Friday, May 1, 2009

The White House scrambled Thursday to tell Americans to pay no attention to the advice of Vice President Joseph R. Biden Jr., who said he’s told family members not to travel in subways or airplanes to avoid catching the swine flu.

The latest gaffe from the vice president directly contradicted President Obama, who Wednesday evening had told Americans not to panic or overreact, and instead to take simple measures such as washing hands to combat the flu outbreak.

“I would tell members of my family - and I have - I wouldn’t go anywhere in confined places now,” Mr. Biden told NBC’s “Today” show as he earnestly explained how he is handling the flu situation himself.

Whether he was right or wrong in his advice, it was not the image the White House was trying to craft as it urged Americans to go about their business with only minor precautions. An hour after his appearance, his spokeswoman put out a statement saying Mr. Biden was only talking about those people who were already sick.

The problem was that Mr. Biden’s comments clearly went beyond that. Asked what advice he would give to a family member planning to travel by airplane to Mexico, Mr. Biden told NBC he would caution them not to go.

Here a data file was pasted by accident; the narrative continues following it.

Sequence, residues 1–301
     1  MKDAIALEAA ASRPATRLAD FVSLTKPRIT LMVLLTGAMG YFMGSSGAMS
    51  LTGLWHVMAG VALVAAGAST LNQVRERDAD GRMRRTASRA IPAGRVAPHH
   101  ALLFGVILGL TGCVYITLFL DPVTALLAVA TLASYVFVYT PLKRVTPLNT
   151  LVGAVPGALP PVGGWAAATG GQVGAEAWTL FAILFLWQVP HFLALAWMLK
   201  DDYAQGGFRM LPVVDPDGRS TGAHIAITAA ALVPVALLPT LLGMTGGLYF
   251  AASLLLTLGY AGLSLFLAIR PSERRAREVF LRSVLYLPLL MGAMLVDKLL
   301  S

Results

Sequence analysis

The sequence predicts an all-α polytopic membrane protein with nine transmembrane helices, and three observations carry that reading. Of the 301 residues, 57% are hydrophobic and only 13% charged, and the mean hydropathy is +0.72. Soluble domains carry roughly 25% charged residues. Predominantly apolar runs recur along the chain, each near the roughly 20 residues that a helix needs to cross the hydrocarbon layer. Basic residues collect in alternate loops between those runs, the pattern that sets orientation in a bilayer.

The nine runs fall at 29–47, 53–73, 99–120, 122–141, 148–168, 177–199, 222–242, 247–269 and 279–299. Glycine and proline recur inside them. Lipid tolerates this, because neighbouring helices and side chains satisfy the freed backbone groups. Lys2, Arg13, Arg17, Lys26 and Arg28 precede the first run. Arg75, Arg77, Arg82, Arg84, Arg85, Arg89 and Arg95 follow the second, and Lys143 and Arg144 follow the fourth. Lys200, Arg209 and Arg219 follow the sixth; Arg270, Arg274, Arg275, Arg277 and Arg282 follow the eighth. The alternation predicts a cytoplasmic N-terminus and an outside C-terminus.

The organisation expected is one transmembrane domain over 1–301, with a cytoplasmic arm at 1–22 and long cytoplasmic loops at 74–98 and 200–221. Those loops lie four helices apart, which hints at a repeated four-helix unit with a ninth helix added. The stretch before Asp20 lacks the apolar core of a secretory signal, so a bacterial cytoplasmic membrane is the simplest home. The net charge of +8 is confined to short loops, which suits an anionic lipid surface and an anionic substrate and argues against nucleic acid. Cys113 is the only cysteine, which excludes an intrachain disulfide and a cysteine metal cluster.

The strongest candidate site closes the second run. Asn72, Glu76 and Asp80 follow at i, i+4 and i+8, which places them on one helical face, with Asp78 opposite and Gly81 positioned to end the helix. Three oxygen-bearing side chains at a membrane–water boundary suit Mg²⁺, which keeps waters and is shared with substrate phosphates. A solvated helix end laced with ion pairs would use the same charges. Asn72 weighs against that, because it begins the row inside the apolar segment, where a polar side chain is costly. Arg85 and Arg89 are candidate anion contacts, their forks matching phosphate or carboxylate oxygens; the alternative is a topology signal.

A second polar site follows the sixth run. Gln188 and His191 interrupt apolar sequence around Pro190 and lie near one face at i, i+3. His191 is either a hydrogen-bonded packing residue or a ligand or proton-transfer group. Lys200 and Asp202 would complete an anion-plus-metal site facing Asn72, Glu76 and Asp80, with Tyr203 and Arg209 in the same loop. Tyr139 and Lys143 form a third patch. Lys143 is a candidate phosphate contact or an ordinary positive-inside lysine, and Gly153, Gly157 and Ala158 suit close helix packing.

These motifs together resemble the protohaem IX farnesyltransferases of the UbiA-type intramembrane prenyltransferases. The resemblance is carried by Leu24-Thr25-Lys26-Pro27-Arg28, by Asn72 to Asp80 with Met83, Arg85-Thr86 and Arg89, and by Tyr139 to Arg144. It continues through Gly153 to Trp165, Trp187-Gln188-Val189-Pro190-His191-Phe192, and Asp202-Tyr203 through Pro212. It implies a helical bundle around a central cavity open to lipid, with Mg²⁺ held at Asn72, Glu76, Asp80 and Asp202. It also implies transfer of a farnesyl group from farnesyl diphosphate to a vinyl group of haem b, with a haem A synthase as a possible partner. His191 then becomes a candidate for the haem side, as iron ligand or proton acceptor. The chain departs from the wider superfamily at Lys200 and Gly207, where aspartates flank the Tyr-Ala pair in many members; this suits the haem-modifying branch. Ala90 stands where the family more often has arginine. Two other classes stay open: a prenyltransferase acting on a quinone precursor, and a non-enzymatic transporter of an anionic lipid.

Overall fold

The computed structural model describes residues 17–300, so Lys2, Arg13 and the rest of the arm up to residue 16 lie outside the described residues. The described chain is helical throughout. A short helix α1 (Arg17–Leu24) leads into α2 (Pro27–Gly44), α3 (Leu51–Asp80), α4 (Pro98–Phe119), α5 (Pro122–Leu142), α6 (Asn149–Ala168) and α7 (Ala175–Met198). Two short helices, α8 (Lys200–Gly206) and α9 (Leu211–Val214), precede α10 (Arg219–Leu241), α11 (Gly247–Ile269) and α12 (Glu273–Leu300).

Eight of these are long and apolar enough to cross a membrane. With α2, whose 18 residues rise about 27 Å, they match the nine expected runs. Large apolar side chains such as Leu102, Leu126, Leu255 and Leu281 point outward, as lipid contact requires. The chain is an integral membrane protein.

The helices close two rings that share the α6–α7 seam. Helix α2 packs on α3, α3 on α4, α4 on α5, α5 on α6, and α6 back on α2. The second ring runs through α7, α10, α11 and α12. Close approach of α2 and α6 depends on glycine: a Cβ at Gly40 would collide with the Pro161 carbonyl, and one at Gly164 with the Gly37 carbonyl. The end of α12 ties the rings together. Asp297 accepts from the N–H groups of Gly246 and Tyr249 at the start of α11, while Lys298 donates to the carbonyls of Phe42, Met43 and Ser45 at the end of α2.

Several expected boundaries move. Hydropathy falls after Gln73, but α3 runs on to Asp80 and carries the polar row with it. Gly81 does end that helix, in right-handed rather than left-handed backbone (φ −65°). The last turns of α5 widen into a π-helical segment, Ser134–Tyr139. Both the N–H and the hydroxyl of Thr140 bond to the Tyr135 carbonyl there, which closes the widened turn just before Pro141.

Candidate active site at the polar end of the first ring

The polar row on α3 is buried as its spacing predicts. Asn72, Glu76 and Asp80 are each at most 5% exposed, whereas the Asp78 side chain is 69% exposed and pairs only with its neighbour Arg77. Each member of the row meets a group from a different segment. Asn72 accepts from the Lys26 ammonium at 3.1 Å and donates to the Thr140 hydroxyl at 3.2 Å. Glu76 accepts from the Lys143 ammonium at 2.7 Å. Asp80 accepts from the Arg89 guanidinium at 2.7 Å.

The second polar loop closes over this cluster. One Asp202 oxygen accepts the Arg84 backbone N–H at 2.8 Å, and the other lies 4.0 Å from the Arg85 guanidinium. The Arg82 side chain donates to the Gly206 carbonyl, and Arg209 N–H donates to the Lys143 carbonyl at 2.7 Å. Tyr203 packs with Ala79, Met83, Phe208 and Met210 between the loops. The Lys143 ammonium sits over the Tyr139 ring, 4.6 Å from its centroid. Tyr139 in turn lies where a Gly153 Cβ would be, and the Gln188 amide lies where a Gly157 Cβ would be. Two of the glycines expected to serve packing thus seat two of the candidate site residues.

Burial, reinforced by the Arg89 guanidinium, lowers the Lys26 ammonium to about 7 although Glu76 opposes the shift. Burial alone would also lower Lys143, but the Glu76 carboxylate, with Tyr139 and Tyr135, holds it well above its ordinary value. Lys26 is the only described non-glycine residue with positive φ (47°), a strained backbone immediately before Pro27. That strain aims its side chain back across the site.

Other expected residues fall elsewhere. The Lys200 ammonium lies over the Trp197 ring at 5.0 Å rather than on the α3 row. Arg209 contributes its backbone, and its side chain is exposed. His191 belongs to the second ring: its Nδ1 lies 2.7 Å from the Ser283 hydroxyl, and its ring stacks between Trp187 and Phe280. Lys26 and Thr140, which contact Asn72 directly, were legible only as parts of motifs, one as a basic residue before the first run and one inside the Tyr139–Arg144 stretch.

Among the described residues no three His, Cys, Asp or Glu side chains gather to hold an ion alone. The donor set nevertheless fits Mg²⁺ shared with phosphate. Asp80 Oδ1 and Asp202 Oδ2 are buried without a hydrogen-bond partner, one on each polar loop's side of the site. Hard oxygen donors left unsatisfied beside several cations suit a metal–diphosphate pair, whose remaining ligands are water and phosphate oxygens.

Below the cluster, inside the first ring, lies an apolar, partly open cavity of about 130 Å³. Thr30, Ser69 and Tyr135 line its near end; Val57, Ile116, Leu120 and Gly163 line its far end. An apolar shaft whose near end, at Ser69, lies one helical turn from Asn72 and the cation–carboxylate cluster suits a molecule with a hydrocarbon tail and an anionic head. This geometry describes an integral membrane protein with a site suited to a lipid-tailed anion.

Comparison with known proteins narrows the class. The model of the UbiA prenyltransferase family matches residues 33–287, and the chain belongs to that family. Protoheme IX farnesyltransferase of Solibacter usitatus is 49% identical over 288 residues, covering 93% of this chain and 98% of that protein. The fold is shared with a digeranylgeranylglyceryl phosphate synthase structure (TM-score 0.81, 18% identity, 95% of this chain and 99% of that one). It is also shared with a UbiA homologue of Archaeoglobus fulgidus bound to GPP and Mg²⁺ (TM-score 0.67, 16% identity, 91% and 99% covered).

He said it wasn’t about going to Mexico, but rather that “you’re in a confined aircraft when one person sneezes it goes all the way through the aircraft. That’s me. I would not be, at this point, if they had another way of transportation, suggesting they ride the subway. So from my perspective, what it relates to is mitigation.”

The White House had put Mr. Biden on NBC and the other the morning talk shows to talk about the flu, but had to step in later to tell viewers to ignore his advice and instead take the precautions Mr. Obama laid out Wednesday.

“I understand what he said, and I’m telling you what he meant to say,” said White House press secretary Robert Gibbs.

Mr. Biden has a long history of finding the wrong words to say what he intended, and Republicans have gleefully picked up on this latest gaffe.

Rep. Darrell Issa, California Republican and the ranking member of the House Oversight and Government Reform Committee, said Mr. Biden appears to have violated Mr. Obama’s professed desire to follow scientific data wherever it leads.

“I am very concerned that senior administration officials are not adhering to scientific-based advice when updating the public on steps that should be taken in order to protect oneself from swine influenza A (H1N1) virus,” Mr. Issa wrote in a letter to Mr. Obama.

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